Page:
Did you know that Xialla can be used to complement popular ED medications, including those in pill (oral), pellet (intraurethral), and injection (intracavernosal) formats? This article provides an overview of these three types of ED medication and describes the ways in which Xialla can be paired with them to improve erectile function.
The development of medications to treat erectile dysfunction went through major advancements in the 1990s. In the space of a few short years, the first PDE5 inhibitors were approved for oral use, followed by medications that could be inserted or injected into the penis.
These ED medications are based on different pharmaceutical formulations, but they all work in similar ways. ED medications, whether pills, pellets, or injections, are all vasodilators, which means they work by relaxing blood vessels and improving the inflow of blood to the penis.
However, improving blood inflow doesn't always deliver optimal results, because a healthy erection requires not only the increase of blood inflow, but the reduction of blood outflow. The combination of increased blood inflow and decreased blood outflow promotes a firmer, longer-lasting erection.
This is why Xialla, a wearable device specifically designed to prevent excessive blood outflow, provides an effective complementary therapy. In one clinical study, for example, 80% of men reported improved sexual function when they used Xialla in conjunction with oral ED medication. Based on this study and customer reports, there is clear evidence that using Xialla enables men to reduce or eliminate their reliance on medication, or to avoid taking medication in the first place.
Let's take a look at the three types of ED medication and examine their effects (and side effects) in more detail.
The class of medications called phosphodiesterase 5 inhibitors (PDE5i's) have become one of the most popular ED treatments and are effective for 60 to 80 percent of men who try them.
Oral ED medication tends to be less effective (and in some cases completely ineffective) for men with the most severe forms of erectile dysfunction, such as those who have suffered nerve damage due to diabetes or prostate cancer surgery. For others, the side effects—which can include vision changes, muscle pains, low blood pressure, headaches, flushing and gastrointestinal issues—outweigh the benefits. According to one study, slightly more than one in 10 men discontinued use of oral ED medication as a result of side effects or because they didn't see results.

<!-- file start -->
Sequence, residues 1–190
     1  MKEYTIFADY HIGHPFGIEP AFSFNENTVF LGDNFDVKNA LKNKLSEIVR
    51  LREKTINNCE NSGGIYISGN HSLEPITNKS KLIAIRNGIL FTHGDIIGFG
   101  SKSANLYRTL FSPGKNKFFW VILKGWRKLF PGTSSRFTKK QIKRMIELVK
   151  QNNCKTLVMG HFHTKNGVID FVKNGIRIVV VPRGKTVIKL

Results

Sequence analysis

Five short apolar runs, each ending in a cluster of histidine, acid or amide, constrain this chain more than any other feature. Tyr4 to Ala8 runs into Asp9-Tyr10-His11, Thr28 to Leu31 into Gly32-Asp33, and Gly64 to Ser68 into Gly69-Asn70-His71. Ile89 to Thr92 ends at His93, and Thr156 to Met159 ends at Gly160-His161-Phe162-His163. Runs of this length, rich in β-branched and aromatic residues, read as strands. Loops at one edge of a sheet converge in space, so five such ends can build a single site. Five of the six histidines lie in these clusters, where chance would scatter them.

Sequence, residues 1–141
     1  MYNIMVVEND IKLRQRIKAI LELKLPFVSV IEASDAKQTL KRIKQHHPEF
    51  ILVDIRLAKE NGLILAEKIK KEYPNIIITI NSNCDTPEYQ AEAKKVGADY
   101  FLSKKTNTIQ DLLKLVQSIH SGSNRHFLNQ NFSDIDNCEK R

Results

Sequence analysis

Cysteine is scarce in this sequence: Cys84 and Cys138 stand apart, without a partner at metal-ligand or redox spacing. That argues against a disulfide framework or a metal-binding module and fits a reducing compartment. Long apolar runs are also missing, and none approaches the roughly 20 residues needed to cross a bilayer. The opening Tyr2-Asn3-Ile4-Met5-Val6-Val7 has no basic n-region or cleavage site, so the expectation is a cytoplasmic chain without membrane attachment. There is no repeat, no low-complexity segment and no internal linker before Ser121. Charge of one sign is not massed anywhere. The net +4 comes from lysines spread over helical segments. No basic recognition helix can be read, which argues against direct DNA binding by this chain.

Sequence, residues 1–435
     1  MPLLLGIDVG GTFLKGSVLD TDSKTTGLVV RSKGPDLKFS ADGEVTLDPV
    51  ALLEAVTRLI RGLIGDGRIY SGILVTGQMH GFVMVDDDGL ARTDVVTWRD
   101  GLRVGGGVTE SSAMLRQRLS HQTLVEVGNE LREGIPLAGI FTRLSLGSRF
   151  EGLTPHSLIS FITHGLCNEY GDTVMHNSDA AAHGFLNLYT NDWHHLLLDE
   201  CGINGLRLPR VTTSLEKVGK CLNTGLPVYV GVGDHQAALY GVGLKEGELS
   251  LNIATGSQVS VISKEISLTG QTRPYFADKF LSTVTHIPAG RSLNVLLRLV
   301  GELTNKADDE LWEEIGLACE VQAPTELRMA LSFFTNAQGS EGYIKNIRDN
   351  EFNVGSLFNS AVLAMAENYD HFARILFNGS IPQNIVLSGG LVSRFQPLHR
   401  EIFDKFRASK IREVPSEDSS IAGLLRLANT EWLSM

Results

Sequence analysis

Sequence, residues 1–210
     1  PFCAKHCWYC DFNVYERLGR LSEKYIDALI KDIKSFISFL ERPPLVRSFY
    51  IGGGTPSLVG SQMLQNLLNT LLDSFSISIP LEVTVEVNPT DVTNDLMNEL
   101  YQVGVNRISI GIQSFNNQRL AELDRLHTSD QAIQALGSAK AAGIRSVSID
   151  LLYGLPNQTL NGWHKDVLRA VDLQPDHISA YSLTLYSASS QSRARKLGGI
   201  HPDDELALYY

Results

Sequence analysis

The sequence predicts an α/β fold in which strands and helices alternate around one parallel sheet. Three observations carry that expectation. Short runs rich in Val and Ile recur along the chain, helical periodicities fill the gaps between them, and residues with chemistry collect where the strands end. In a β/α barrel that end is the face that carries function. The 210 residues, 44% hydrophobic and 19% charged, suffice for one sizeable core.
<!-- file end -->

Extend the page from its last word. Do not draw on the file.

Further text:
Injectable medications were approved by the FDA in 1995. They have a high rate of success, producing an erection in up to 80% of patients. A study of the effectiveness and satisfaction rates for long-term users of injections found that about 70% of men were highly satisfied with this therapy.
However, injections can cause side effects, including fainting, dizziness and low blood pressure. For men who have difficulty administering the injection, pain, infection, bruising, and scarring can occur. As many as 15-20% of men discontinue the treatment because they find it unpleasant or painful.
ED medication in pellet form was approved by the FDA in 1997. This form of ED medication is delivered using a MUSE (Medicated Urethral System for Erections) to insert a suppository into the urethra, where the medication is rapidly absorbed. According to Harvard Health, only 50% of men see results from form of treatment, and 30% experience penile pain. Men can also experience bleeding or spotting, and a very small percentage (3%) develop low blood pressure and dizziness.
There is little research into the changes in effectiveness of ED medication over the longer term, but anecdotally, many men report that as their condition worsens, they either see diminishing results or need to increase their dosage. One large study of nearly 1,000 men found that 6% of study participants reported a decline in the effectiveness of oral ED medication within a four-year period, and another, small study found that as much as 10%–27% of men needed to increase their dosage of oral ED medication in order to maintain effectiveness over time.
For men with more advanced ED, combining different therapies (under the guidance of a physician) can deliver a more effective treatment than one therapy alone. For example, some men who do not see results with oral or injection medication alone may see results with a combination of both. However, combination therapy can also come with a higher risk of adverse effects.
A review of several smaller studies of combination ED therapies found that combining oral and non-oral therapy was an increasingly important way to help men who do not see positive results from a single therapy, or whose results diminish over time as their condition worsens.
Combining Xialla with ED medication (under the guidance of a physician) may enhance overall results for men who are no longer seeing a satisfactory response when using medication alone. Using Xialla as part of a combination treatment may also enable men who see good results from ED medication to reduce their dosage and minimize any unpleasant side effects.
Evidence from clinical trials and anecdotal reports from Xialla customers indicate that combining the Xialla wearable device with ED medication enables some men to enhance results and reduce their dosages. One customer wrote on Trustpilot: "I wish I discovered this years ago! Instead of a highest strength [medication] that sometimes failed, I can get by with the minimum dose and guaranteed results."
For more information about Xialla's unique design, visit the "How Xialla Works" page.